There aren’t many certainties in life, but death, taxes — and apparently Thomas Bourne busting a nice Claiborne Parish buck.

For the third time in the last four seasons, the Arcadia hunter settled the crosshairs of his Sako 7mm Mag on a sweet deer — most recently an 11-pointer on Nov. 27 that stretched the tape to 152 inches. (Louisiana Sportsman also featured Bourne’s 140-class 8- point in 2014 and his 150-class 10-point in 2015.)

“I have seven big deer mounts hanging on the wall at my house and all of them came off the timber company land I lease,” said Bourne, who works with his family-owned trucking company.

He believes the land has been so productive because his stand sits in the only grove of hardwoods within 2 miles of the area. Deer tend to funnel into his hardwoods from two different spots adjacent to his lease.

But Bourne has a history with this year’s big buck. While heading to his stand during primitive firearms season, he saw a nice buck — possibly this one — crossing the road.

“The buck was headed to land off my lease,” Bourne said. “I lease 100 acres and I immediately went to the courthouse, and checked property records to see who owned the land next to my lease. I found it’s an 82-acre tract, and I contacted the owner who was agreeable to leasing the land to me.”

Bourne erected a stand on that tract, put out some game cameras and began seeing photos of a big buck periodically. But on Saturday morning, Nov. 26, Bourne sat on his stand on the new lease without success. After climbing down, he checked cameras on his 100 acres and as luck would have it, the big buck was showing up there.

“I buckled down and decided to hunt my stand on my original lease hard now that I knew where the buck was hanging out and the rut was on,” he said.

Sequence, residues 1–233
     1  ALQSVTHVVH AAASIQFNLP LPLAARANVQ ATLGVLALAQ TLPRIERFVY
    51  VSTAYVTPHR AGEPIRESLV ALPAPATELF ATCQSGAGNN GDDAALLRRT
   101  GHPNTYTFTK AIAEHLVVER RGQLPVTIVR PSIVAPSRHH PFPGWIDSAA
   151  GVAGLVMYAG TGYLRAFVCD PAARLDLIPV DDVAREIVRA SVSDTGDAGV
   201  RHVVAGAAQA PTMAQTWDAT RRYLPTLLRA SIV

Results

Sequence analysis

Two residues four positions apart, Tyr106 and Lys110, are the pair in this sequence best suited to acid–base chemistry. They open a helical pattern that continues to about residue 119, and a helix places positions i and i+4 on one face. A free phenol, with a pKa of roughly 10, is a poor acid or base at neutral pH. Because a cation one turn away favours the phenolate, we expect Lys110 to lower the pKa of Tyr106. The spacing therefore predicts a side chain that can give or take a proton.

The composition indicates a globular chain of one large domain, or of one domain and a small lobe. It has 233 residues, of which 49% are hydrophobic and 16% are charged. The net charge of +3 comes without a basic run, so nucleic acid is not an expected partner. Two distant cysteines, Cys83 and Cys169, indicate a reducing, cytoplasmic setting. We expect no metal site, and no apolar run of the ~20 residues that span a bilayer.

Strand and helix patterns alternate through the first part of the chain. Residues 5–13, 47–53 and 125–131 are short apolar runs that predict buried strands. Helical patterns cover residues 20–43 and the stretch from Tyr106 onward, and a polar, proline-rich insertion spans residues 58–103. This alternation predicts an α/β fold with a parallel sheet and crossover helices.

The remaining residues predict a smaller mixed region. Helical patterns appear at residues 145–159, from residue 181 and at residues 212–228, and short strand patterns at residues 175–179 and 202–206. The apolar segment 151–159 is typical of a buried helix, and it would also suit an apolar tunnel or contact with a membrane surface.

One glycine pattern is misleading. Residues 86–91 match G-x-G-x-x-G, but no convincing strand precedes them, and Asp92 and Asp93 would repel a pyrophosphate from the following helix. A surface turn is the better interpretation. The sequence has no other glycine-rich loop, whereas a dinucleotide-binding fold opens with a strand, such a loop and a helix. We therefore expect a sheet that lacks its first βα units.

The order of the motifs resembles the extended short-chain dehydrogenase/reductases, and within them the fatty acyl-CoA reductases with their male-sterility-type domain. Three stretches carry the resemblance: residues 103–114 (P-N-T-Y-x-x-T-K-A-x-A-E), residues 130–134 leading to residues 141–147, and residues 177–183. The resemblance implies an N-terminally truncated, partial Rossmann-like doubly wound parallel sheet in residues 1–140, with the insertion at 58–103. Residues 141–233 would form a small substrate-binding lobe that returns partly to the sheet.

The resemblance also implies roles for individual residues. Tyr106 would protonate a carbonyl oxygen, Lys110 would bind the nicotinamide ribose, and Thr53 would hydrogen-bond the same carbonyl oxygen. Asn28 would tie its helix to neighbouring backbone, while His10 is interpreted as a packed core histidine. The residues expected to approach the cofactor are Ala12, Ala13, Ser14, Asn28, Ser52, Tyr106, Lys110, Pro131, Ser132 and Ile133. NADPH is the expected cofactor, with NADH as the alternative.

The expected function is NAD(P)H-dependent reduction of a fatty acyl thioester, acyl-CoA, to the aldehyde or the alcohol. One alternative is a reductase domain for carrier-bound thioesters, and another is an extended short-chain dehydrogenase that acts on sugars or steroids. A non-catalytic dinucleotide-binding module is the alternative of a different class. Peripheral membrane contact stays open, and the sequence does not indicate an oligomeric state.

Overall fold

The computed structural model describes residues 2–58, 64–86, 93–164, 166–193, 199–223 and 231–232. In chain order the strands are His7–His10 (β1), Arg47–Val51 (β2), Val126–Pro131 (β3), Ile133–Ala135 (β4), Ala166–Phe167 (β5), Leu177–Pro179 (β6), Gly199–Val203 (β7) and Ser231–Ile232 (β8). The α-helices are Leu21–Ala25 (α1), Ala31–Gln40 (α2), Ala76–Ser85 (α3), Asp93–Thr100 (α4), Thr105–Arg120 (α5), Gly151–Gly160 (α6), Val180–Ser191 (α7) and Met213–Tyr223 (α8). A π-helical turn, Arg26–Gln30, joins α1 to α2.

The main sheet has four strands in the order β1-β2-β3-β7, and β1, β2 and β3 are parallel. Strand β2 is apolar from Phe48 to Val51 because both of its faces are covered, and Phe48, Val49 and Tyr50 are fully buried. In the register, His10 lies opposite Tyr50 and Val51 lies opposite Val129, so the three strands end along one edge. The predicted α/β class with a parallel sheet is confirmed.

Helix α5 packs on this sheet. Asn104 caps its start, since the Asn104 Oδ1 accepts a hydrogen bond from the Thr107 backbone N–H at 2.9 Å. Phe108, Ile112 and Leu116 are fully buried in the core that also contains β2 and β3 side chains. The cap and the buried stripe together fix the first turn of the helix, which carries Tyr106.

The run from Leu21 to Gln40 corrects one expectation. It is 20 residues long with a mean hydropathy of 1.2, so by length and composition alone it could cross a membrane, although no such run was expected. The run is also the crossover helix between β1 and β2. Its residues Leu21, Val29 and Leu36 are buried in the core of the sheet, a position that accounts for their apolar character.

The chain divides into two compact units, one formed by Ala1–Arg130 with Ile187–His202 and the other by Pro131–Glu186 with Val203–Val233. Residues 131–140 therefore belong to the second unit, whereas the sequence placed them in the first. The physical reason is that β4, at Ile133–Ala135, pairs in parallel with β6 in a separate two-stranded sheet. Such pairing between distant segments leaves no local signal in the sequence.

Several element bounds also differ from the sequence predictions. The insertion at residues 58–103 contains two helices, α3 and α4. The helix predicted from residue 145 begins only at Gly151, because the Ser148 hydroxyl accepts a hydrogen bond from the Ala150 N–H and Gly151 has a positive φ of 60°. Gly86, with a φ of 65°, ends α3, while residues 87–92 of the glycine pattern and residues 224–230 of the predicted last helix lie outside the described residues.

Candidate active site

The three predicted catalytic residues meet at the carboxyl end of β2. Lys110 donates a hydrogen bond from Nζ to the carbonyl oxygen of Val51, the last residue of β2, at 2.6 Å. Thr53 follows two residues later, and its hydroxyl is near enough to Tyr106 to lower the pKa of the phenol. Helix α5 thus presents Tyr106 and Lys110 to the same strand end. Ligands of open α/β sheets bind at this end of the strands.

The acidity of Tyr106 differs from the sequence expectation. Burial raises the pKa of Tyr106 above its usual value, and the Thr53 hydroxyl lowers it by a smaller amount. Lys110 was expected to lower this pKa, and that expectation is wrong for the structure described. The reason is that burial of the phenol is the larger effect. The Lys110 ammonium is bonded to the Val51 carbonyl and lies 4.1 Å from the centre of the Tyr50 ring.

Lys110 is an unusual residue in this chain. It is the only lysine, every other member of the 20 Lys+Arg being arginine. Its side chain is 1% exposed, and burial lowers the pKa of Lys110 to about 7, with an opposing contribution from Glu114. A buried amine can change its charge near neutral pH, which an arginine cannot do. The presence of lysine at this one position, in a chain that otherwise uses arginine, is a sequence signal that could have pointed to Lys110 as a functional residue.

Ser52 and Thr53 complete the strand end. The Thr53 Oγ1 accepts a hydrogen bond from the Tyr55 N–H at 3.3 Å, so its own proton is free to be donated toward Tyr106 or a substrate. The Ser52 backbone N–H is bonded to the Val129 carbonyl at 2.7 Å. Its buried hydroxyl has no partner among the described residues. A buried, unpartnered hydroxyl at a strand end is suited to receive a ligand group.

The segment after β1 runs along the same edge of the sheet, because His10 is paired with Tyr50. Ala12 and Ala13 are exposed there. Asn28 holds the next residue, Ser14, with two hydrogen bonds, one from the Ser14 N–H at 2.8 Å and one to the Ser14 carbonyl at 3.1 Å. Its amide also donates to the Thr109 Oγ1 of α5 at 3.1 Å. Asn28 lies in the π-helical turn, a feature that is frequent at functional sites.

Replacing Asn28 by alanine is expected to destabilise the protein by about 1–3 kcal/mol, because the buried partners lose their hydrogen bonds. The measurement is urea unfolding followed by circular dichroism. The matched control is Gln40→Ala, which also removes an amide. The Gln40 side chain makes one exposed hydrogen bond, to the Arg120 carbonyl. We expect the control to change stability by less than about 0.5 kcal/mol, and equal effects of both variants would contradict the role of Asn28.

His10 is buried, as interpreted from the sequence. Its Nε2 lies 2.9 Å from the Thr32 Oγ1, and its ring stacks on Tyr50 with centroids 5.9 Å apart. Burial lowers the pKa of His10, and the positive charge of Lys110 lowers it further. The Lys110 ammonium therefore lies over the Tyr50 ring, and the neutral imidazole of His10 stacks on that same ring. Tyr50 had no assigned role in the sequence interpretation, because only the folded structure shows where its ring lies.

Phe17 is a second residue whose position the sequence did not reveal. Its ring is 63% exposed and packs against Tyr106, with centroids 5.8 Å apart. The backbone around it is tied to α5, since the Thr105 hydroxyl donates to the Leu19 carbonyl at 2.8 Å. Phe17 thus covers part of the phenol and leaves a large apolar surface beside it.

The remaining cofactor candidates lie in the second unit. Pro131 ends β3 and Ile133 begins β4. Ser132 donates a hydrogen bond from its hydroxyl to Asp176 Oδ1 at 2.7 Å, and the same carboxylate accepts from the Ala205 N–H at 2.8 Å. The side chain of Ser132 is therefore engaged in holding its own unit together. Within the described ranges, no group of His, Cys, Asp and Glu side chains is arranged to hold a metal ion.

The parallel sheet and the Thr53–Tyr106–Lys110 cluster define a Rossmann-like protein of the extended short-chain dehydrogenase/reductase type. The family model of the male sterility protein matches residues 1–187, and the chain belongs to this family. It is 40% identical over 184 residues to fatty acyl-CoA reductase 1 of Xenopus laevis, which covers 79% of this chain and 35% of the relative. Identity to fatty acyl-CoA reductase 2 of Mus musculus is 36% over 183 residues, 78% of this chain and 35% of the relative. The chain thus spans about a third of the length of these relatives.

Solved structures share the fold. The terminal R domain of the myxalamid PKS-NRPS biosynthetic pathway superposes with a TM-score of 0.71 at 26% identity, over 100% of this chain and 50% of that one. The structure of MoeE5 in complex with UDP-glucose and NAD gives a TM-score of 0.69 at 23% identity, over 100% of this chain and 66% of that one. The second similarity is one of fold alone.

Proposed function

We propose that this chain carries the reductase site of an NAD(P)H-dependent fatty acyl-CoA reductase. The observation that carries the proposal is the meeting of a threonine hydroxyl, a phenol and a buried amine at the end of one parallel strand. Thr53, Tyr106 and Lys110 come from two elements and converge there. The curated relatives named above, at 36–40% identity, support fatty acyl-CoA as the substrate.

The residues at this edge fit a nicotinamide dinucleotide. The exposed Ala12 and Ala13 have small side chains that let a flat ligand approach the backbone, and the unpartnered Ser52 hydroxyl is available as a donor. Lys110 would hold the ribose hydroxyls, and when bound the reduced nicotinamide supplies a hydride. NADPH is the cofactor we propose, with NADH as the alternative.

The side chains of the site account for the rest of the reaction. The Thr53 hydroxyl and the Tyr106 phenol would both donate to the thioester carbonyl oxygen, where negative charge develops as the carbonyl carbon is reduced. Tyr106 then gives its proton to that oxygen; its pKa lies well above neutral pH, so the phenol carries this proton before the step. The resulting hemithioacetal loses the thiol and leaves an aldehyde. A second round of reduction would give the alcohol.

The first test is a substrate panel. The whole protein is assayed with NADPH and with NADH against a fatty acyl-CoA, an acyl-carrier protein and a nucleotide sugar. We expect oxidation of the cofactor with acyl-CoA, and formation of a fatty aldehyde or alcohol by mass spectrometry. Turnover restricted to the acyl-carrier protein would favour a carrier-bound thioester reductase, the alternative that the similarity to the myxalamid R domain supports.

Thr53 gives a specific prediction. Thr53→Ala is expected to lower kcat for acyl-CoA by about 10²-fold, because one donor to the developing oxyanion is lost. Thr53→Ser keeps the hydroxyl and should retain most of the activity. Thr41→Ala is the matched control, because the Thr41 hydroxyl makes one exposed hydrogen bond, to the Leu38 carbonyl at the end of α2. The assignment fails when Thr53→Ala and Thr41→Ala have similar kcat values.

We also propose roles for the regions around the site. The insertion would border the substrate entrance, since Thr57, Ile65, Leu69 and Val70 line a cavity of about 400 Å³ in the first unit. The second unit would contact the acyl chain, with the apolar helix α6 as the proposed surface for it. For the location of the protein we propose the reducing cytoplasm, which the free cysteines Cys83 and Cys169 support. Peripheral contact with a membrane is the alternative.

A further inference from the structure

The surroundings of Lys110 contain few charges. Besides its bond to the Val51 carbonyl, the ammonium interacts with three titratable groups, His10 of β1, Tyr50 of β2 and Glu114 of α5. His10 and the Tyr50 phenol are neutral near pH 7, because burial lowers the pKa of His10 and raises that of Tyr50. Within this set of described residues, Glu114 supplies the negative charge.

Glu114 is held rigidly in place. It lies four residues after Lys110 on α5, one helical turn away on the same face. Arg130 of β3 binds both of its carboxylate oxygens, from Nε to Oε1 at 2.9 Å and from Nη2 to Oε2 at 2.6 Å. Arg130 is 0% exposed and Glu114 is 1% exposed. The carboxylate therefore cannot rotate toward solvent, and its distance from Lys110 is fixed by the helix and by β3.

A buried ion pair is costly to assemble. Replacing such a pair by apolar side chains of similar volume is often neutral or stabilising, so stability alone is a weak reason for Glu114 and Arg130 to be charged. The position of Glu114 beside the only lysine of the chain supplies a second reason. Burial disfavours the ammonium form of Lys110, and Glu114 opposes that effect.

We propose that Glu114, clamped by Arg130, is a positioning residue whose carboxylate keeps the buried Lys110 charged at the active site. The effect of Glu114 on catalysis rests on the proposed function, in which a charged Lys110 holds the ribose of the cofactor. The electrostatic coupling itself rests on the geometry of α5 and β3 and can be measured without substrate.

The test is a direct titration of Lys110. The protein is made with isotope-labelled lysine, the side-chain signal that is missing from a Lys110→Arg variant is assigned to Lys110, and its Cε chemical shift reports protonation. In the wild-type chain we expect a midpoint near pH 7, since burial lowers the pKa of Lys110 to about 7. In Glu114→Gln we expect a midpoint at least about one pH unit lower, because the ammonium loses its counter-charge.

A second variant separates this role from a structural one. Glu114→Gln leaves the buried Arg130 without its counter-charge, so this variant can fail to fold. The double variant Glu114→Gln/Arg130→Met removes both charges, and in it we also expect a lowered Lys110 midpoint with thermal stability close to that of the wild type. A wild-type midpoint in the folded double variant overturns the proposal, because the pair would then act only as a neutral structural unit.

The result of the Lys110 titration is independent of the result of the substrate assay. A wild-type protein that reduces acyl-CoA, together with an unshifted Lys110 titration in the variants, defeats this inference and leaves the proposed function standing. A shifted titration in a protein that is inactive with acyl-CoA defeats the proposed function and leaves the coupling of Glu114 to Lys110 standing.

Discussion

Getting off work early on Monday, at 4:15 Bourne climbed into his box stand which sits on a power line. He had been seeing two young deer, a button buck and doe, come out on the line every afternoon. On Monday, the doe repeated its visit but there was something different about the deer’s behavior.

“When the little doe came out at 150 yards, I could tell she was nervous by the way she acted. She hurried on across the high line and as soon as she went into the woods on the opposite side, this big buck stepped out and began walking across the line, following the doe,” Bourne said. “I yelled, ‘Hey!’, the buck stopped and I shot. He ran about 50 yards where I found him dead.”

The buck tipped the scales at 177 pounds, and sported 11 points with an inside spread of 16 2/8 inches. Main beams were 23 inches each, with G2s and G3s nearing 12 inches, while G4s were 7 inches. Mass carried throughout the rack, with 5-inch-plus bases and the circumference between the G2s and G3s measuring 4 2/8 inches each. Antler measurements revealed a rough score of 152 inches.

“One reason I’ve been fortunate with big bucks in this area is we work on the does,” Borne said. “I think the best way to improve the quality of bucks is to reduce the competition, and taking out a good number of does helps that.”